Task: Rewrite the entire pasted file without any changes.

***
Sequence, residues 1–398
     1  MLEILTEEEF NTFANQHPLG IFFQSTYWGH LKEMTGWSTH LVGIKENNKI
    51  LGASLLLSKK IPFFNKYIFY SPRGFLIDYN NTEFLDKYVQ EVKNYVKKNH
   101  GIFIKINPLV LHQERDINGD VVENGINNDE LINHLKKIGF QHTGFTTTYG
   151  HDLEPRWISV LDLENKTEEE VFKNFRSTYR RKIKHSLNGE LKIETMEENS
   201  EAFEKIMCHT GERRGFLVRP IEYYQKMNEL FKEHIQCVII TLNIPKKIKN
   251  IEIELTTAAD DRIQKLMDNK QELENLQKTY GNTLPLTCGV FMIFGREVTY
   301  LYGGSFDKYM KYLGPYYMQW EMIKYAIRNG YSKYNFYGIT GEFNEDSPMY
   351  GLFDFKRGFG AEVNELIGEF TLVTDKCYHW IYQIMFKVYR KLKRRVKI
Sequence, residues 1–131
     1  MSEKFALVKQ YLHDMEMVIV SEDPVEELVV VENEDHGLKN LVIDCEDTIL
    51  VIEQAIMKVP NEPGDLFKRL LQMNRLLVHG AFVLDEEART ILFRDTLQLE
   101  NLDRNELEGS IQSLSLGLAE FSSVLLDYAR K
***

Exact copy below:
Sequence, residues 1–398
     1  MLEILTEEEF NTFANQHPLG IFFQSTYWGH LKEMTGWSTH LVGIKENNKI
    51  LGASLLLSKK IPFFNKYIFY SPRGFLIDYN NTEFLDKYVQ EVKNYVKKNH
   101  GIFIKINPLV LHQERDINGD VVENGINNDE LINHLKKIGF QHTGFTTTYG
   151  HDLEPRWISV LDLENKTEEE VFKNFRSTYR RKIKHSLNGE LKIETMEENS
   201  EAFEKIMCHT GERRGFLVRP IEYYQKMNEL FKEHIQCVII TLNIPKKIKN
   251  IEIELTTAAD DRIQKLMDNK QELENLQKTY GNTLPLTCGV FMIFGREVTY
   301  LYGGSFDKYM KYLGPYYMQW EMIKYAIRNG YSKYNFYGIT GEFNEDSPMY
   351  GLFDFKRGFG AEVNELIGEF TLVTDKCYHW IYQIMFKVYR KLKRRVKI
Sequence, residues 1–131
     1  MSEKFALVKQ YLHDMEMVIV SEDPVEELVV VENEDHGLKN LVIDCEDTIL
    51  VIEQAIMKVP NEPGDLFKRL LQMNRLLVHG AFVLDEEART ILFRDTLQLE
   101  NLDRNELEGS IQSLSLGLAE FSSVLLDYAR K